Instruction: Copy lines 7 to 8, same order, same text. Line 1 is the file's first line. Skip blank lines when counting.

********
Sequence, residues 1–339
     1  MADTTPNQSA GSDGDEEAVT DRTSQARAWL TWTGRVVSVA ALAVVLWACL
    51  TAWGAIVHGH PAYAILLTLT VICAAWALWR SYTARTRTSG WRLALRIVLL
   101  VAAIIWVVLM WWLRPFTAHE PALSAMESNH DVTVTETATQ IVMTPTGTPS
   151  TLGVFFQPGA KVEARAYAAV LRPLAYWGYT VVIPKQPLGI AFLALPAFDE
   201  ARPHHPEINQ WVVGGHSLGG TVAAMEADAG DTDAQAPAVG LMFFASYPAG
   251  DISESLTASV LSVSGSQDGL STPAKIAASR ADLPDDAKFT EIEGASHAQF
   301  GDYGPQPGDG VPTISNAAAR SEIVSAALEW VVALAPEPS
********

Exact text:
   251  DISESLTASV LSVSGSQDGL STPAKIAASR ADLPDDAKFT EIEGASHAQF
   301  GDYGPQPGDG VPTISNAAAR SEIVSAALEW VVALAPEPS